In Praise of Karl Marx
Wall Street reconvenes today after a long holiday. Investment advisers, economists and soothsayers have given us their guesses and wishful thinking about where the world is headed in 2015.
Most see “more of the same.” They’re buying the dips. And waiting for corporate boards to approve more share buybacks.
They’re sure that if anything goes wrong, Janet Yellen will come to the rescue.
And they’re probably right. “More of the same” is what we usually get.
But not always…
Last week, we were exploring “solutions.”
Frequently we comment on the Fed’s bubbles… and the inevitability that they will pop and cause widespread misery. Some readers think it mean-spirited of us not to offer a solution that will avoid the suffering.
Some even think we are looking forward to a catastrophe just so we can say I told you so.
An explanation is needed…
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Marx Was Right!
Right before Christmas, we spent some time in Washington, D.C., renewing our ties to the activist community.
We attended a meeting of conservatives – some of whom we had known 30 years ago, as director of the National Taxpayers Union.
We were called on to explain ourselves. Why had we forsaken the public interest sector? What were we up to now?
We demurred. We didn’t have the heart to tell them how we had been won over to Marx’s viewpoint. Karl Marx had plenty of bad ideas. But he had at least one good one: historical determinism.
It is not the consciousness of men that determines their social being, but their social being that determines their consciousness.
Or as Marx put it:
At a certain stage of their development, the material productive forces of society come in conflict with the existing relations of production or – what is but a legal expression for the same thing – with the property relations within which they have been at work hitherto.
From forms of development of the productive forces these relations turn into fetters. Then begins an epoch of social revolution.
French scholar Pierre-Simon Laplace put it better:
We ought to regard the present state of the universe as the effect of its antecedent state and as the cause of the state that is to follow.
An intelligence knowing all the forces acting in nature at a given instant, as well as the momentary positions of all things in the universe, would be able to comprehend in one single formula the motions of the largest bodies as well as the lightest atoms in the world, provided that its intellect were sufficiently powerful to subject all data to analysis; to it nothing would be uncertain, the future as well as the past would be present to its eyes.
The perfection that the human mind has been able to give to astronomy affords but a feeble outline of such an intelligence.
And we put it best of all:
People come to think what they must think when they must think it.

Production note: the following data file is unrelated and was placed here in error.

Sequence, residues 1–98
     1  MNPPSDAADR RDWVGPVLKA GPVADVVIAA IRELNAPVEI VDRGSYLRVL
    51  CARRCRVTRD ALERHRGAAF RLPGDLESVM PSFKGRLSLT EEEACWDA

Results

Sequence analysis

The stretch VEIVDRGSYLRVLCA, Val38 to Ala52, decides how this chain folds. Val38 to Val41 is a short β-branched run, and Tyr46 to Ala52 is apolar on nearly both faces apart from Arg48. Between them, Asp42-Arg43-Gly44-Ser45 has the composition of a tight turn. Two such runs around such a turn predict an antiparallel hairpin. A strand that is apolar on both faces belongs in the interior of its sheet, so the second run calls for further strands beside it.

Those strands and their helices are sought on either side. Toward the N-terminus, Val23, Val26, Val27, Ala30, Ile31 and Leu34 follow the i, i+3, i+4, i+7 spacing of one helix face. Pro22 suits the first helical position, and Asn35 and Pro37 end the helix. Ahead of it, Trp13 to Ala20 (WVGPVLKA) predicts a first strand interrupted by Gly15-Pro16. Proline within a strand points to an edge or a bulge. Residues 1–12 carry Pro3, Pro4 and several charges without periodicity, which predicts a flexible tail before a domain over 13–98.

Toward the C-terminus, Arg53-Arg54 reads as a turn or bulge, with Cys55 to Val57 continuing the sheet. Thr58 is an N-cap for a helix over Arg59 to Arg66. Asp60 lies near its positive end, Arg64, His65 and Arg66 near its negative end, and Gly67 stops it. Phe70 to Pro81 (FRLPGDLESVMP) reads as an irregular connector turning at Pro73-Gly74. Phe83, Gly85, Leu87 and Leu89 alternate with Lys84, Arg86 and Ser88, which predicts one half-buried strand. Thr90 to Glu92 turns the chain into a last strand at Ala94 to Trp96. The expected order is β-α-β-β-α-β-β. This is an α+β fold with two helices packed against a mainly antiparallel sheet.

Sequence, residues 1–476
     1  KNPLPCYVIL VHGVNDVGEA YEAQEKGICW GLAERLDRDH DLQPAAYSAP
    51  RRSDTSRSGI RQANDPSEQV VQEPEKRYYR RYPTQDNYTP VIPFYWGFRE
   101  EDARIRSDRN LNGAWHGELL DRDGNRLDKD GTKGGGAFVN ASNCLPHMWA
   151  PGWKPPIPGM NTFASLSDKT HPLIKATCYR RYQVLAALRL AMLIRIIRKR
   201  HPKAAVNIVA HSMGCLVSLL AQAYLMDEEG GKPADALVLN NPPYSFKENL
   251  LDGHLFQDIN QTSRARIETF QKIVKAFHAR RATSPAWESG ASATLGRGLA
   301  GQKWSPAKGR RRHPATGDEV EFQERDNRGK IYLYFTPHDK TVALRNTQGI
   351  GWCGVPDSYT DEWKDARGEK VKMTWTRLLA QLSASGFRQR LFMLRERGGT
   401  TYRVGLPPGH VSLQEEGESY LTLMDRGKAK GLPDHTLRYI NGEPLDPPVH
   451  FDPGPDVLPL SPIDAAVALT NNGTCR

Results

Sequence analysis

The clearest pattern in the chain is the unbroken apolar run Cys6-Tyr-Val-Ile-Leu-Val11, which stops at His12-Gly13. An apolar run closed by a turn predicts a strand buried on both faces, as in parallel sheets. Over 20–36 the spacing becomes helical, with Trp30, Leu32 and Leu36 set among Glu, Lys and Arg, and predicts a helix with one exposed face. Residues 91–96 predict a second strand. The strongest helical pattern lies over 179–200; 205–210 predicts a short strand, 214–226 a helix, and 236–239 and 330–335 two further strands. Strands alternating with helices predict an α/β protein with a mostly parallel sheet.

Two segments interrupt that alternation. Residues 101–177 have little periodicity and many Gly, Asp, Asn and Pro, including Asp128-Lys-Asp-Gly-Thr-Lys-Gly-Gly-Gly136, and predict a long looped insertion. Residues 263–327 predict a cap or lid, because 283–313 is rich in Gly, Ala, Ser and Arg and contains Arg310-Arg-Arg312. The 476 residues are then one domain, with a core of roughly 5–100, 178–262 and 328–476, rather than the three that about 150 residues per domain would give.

This is another way of saying that the future is “path dependent.” Where you go depends on what road you’re on… 2015 depends on 2014, which depended on 2013. And so on.
The Road to Disaster
If the Fed had not made so much credit available last year, there wouldn’t be so much debt hanging over the market today. And you wouldn’t need another credit crisis to get rid of it.
That’s also part of the reason you hear so little about “solutions” here at the Diary. There aren’t any! The path goes where it goes, all the way to the end.
When you borrow money, you have to pay it back. Or something bad happens. When a year passes, you are a year older. There are no “solutions.”
Is that negative?
Nope. It’s just the way it is.
But wait. There’s more to the story. A lot more…
Because we humans never know exactly what road we’re on. Or where it leads. But as Marx pointed out, the road itself changes the way we think. Usually, we will want to go to the end of it… even when we know it leads to disaster.
So what if we see the road is washed-out ahead? What if we know we’re on a bus headed for the cliff?
Are we better off not knowing?
P.S. Chris is on vacation this week. He’ll be back with Market Insight next Monday.
P.P.S. Yep, maybe we ARE better off not knowing what lies ahead. But there’s nothing wrong with trying to understand what came before – and using that understanding as a starting point to prepare for the future. In fact, since history often repeats and humans seem to perpetuate cycles, grasping the “what and the how” of the past can often give you an advantage. And Bill did just this in his book The New Empire of Debt. It’s an uncensored exposé of the life cycle repeated in empires throughout history. And it exposes the one unique way that today’s American empire differs. It’s a crucial key you can use to see where America sits now – and what the near-term future might hold. The good news is, you can grab a complimentary hardcover copy for yourself… all we ask is that you cover the low shipping cost. Here’s the entire story on America’s empire and how you can get your hands on a free copy…